China starts collecting environment protection tax
China starts collecting environment protection tax
Author: Matej Balen
2nd January 2018
BEIJING - As of yesterday, China began collecting an environment protection tax, since the country's Environmental Protection Tax Law took effect on January 1, 2018. The tax is expected to be more effective substitute for the "pollutant discharge fee" which China had been collecting for nearly 40 years.

China is definitely taking more active measures in environmental protection ever since it joined the international fight against climate changes by joining the Paris Agreement. China’s previous "pollutant discharge fee" was in effect since 1979, however, many local governments exploited loopholes and protected enterprises that were heavy pollutants, but also big contributors to local fiscal revenue.

In October 2017, in his speech during the 19th Party Congress, President Xi Jinping signalled that officials should take environmental issues seriously: “The damage that humanity does to nature will ultimately harm humanity itself – this is unavoidable”, he said.

And since then a major campaign against environmental violations has started, that have penalized more than 30,000 companies and over 5,700 officials so far. Central government inspection teams in coordination with multiple local government agencies have regularly been doing inspection sweeps in all provinces and regions. Pollution has been recognized as one of the “three tough battles” that the Chinese government aims to win in the next three years, according to president Xi.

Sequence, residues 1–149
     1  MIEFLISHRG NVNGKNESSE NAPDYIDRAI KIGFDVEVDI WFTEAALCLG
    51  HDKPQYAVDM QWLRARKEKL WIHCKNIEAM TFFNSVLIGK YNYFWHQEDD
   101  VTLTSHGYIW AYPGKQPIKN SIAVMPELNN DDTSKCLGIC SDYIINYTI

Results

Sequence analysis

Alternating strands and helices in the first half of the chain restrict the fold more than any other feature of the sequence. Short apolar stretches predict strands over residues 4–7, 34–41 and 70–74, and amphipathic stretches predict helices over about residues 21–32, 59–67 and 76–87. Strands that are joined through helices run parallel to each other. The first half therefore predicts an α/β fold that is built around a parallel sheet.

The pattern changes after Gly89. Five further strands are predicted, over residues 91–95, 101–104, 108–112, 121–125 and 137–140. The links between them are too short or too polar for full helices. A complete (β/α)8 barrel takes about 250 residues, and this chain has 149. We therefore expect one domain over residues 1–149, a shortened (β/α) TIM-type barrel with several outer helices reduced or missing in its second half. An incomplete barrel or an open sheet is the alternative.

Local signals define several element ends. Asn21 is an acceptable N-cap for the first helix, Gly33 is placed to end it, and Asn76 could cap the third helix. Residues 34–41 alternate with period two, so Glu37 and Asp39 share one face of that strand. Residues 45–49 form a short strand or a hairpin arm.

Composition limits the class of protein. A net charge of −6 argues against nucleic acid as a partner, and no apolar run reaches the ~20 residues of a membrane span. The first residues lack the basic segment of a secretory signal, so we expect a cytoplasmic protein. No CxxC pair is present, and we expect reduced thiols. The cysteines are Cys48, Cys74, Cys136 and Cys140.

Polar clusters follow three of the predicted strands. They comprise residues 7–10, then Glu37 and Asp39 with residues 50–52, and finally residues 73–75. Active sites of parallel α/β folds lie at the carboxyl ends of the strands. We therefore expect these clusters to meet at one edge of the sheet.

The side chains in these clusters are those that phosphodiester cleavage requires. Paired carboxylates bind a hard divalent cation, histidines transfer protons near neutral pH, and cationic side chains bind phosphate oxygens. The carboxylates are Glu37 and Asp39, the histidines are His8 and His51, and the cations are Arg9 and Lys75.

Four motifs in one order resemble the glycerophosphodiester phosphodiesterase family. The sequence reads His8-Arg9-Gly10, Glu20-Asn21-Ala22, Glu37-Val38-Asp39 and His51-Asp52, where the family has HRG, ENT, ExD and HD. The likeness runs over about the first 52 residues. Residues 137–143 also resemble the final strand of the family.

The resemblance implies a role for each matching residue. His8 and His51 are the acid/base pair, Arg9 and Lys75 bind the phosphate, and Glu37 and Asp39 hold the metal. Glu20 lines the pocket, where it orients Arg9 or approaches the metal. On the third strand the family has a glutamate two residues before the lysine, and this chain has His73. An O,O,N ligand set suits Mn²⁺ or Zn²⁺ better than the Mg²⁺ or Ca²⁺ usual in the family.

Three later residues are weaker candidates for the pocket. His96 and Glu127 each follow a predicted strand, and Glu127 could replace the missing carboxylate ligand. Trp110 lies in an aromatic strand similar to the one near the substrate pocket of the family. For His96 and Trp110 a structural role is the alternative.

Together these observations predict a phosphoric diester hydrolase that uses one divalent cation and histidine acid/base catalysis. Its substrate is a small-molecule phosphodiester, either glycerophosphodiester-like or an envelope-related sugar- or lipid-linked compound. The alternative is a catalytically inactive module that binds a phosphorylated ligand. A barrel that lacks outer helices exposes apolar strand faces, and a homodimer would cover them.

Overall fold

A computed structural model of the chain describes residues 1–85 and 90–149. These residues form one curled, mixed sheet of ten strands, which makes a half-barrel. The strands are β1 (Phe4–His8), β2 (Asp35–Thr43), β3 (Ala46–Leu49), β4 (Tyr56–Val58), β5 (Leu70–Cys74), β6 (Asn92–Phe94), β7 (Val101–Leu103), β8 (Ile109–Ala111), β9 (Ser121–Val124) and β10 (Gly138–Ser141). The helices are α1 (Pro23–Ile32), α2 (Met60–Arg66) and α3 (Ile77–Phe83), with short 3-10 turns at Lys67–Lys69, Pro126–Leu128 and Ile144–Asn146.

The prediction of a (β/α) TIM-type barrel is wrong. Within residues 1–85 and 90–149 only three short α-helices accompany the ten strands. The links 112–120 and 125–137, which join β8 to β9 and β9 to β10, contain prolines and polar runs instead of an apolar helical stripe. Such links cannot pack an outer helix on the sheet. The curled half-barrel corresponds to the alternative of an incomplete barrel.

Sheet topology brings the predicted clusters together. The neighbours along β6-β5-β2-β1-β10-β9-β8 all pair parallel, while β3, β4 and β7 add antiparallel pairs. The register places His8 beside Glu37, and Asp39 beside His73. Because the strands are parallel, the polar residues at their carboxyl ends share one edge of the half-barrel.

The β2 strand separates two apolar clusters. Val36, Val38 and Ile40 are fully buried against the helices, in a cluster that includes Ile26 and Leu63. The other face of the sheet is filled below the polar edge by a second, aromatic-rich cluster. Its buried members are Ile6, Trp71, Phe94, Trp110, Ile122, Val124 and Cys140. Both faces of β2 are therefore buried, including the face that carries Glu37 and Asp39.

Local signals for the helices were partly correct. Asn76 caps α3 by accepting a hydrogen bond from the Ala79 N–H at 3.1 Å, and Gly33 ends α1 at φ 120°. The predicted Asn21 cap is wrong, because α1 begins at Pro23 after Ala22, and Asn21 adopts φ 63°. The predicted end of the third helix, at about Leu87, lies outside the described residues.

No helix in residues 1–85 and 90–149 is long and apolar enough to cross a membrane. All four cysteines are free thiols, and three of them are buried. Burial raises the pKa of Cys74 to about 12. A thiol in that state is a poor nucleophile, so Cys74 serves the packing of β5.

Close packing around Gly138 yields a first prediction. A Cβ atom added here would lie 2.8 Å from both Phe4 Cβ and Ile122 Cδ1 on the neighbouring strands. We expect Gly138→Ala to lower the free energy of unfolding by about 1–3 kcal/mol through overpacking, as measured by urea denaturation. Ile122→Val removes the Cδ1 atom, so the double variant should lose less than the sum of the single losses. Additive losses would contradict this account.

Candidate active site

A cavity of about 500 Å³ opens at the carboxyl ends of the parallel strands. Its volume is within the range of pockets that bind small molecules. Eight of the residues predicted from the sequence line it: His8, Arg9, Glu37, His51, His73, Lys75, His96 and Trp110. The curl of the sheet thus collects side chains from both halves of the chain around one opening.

Furthermore, the new environment protection tax has been made to eliminate previous legal loopholes and to show that a new paradigm in environmental enforcement in China is in place, backed by policymakers from the highest level. The Environmental Protection Tax Law targets companies and public institutions that directly discharge listed pollutants. Under the new law, companies will pay taxes for producing noise, air and water pollutants as well as solid waste.

The new tax law sets rates of CNY1.2 ($0.17) per unit of air pollution, CNY1.4 per unit of water pollution, CNY5 per tonne of coal waste, and CNY5-CNY1,000 for each tonne of solid ‘hazardous’ waste. For example, polluters will pay CNY1.2 for emitting 0.95kg of sulphur dioxide and CNY1.4 for 1kg of chemical oxygen demand (COD). In addition, industrial noise polluters will pay three levels of taxes ranging from CNY350 to CNY11,200 per month, according to their decibel level.

This is China's first tax designed for environmental protection, which will help establish a “green" financial and taxation system to promote pollution control and treatment of pollutants, said Wang Jinnan, head of the Chinese Academy for Environmental Planning under the Ministry of Environmental Protection.

 

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